Some will assert that, at least, the British Army had been driven from part of the national territory; certainly the Irish farm workers of the period, who went on strike for better wages and living conditions, knew this to be true—for it was the new Irish Army which the new Irish Government used against them!

Yes, the British were gone; but they were not too long out of Dublin when the new Irish Postmaster-General called on them to send “blacklegs” to help him break the strike of Post Office workers in 1922.

We have not digressed on the “principle” of “freedom”; neither, we are sure, did the thousands of unemployed in 1926 when they heard “their” Irish Government disown them with the callous declaration that unemployment was no concern of the State.

It is true that the sea-green incorruptibles among the Republicans maintained that this was but mock freedom. Their indignation, however, was not because the lot of the worker was as before, but because the Six Ulster Counties were still “unfree.”

They need not have worried, for though the workers of Northern Ireland still existed under the Union Jack, their conditions were similar to those of their class-brothers in the new Irish Free State. The record of both States, and their respective Governments, is one of callous disdain for the lot of the working-class. Both are the handmaidens of Capitalism, and are, consequently, bent to the will of Capital.

The Lot of the Worker
The life of a worker, after he has received whatever education Capitalism deems necessary to equip him as an efficient wage-slave, starts with the search for a job. In Ireland, North and South, with an aggregate total of 130,000 unemployed, this is no mean task, indeed! In most instances the childhood dream of “…. I’m going to be—when I grow up” goes by the board (unless the child, for morbid reasons, wants to be a policeman—for which there seems to be a constant demand in Ireland!). Capitalism does not cater to our talents, much less our whims.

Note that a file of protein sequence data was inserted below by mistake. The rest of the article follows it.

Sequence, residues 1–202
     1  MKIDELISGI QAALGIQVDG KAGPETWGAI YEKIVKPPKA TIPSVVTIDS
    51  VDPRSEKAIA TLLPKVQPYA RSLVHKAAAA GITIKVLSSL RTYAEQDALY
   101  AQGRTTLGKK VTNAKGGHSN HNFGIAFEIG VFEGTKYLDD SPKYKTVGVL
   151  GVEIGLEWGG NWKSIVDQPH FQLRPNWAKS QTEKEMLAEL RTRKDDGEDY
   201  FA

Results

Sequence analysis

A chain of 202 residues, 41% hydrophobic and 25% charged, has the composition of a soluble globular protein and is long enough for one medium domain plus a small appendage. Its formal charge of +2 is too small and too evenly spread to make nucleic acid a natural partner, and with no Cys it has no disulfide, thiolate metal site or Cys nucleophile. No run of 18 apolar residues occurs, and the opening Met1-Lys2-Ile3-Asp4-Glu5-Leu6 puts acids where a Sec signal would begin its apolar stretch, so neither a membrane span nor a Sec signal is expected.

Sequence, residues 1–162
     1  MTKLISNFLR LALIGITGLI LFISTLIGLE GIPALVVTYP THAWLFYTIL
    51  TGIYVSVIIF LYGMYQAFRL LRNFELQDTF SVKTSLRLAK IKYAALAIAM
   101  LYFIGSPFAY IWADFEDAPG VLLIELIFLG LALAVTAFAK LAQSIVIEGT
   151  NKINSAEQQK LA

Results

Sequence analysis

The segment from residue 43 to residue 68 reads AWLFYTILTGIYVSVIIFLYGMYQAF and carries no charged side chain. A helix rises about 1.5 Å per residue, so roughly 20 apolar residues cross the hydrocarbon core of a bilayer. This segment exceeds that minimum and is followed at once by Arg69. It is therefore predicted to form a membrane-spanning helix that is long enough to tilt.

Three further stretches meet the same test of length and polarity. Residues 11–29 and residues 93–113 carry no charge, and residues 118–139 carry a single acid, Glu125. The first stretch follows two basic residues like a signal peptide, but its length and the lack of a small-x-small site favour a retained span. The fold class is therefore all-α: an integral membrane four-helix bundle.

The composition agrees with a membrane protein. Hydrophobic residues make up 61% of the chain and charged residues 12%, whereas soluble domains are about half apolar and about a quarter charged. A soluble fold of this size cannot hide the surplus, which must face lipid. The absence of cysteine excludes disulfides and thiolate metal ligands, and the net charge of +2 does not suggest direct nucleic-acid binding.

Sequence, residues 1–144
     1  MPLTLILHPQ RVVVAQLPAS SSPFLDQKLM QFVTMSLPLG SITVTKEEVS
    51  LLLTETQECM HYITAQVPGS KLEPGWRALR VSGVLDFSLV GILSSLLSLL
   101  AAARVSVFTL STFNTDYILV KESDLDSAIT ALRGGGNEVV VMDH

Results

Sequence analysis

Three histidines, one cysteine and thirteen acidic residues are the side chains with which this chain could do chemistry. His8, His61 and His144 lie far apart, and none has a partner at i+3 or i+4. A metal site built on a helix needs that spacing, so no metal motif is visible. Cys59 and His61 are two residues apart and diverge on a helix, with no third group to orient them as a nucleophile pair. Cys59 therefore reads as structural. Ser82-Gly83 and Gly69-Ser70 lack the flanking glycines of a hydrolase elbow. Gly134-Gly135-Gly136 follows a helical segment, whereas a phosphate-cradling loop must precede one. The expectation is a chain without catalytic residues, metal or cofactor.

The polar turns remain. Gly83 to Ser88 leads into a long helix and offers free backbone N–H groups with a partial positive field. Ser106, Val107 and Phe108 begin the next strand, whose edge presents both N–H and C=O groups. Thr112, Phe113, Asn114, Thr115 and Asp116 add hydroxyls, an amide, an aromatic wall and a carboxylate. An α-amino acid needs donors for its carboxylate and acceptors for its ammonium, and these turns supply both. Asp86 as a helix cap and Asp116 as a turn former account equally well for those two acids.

On finding a job the young worker becomes acquainted with the reality of the class-struggle: on the one side the Masters with the porridge—on the other the Olivers, perpetually with just enough to “keep body and soul together,” and only occasionally with enough courage to ask for more.

Whether you are paid wages or salary, you depend for your living upon selling your mental and physical abilities to an employer. There exists a constant struggle between you and your employer over your wages and conditions. Never would you dare to think that as wealth is produced from the resources of nature, by the application of human labour-power, it should wholly belong to those who, as a social class, produce it.

In other words, you accept the class ownership of society; you are prepared to let a minority class (the CAPITALISTS) own and control the means whereby you live. As a consequence of their favoured position these Capitalists can live in any part of the world they choose; they can sell, barter, or gamble away, the VERY MEANS WHEREBY YOU LIVE, AND THE NATIONALITY OF THE NEW OWNER IS NONE OF YOUR BUSINESS.

Such an economic set-up makes nonsense of the claims made by Republicans, Unionists, or any other political party, that the people can control their own destinies, by raising this flag, or lowering that. The problems that beset us in Ireland to-day do not originate in our capacity for colour appreciation, in the qualities of Green and Orange. They are problems inherent in the Capitalist system—that system which has the blessing of both Governments in Ireland; that system which would continue to afflict us if the I.R.A. concluded a successful struggle to-morrow.

The Socialist Solution
In Ireland, North and South, we live to-day within the framework of the Capitalist system, and this decadent system would still obtain if we lived in an All-Ireland Republic. “Freedom” for the broad masses of the people, under Capitalism, is but the freedom to choose between wage-slavery and starvation. The English, French, American or Russian workers, with “their own” national governments, are no more free than we in Ireland. Capitalism, with its wages-system, and its class structure, is the common enemy; our common weapon is Socialist knowledge.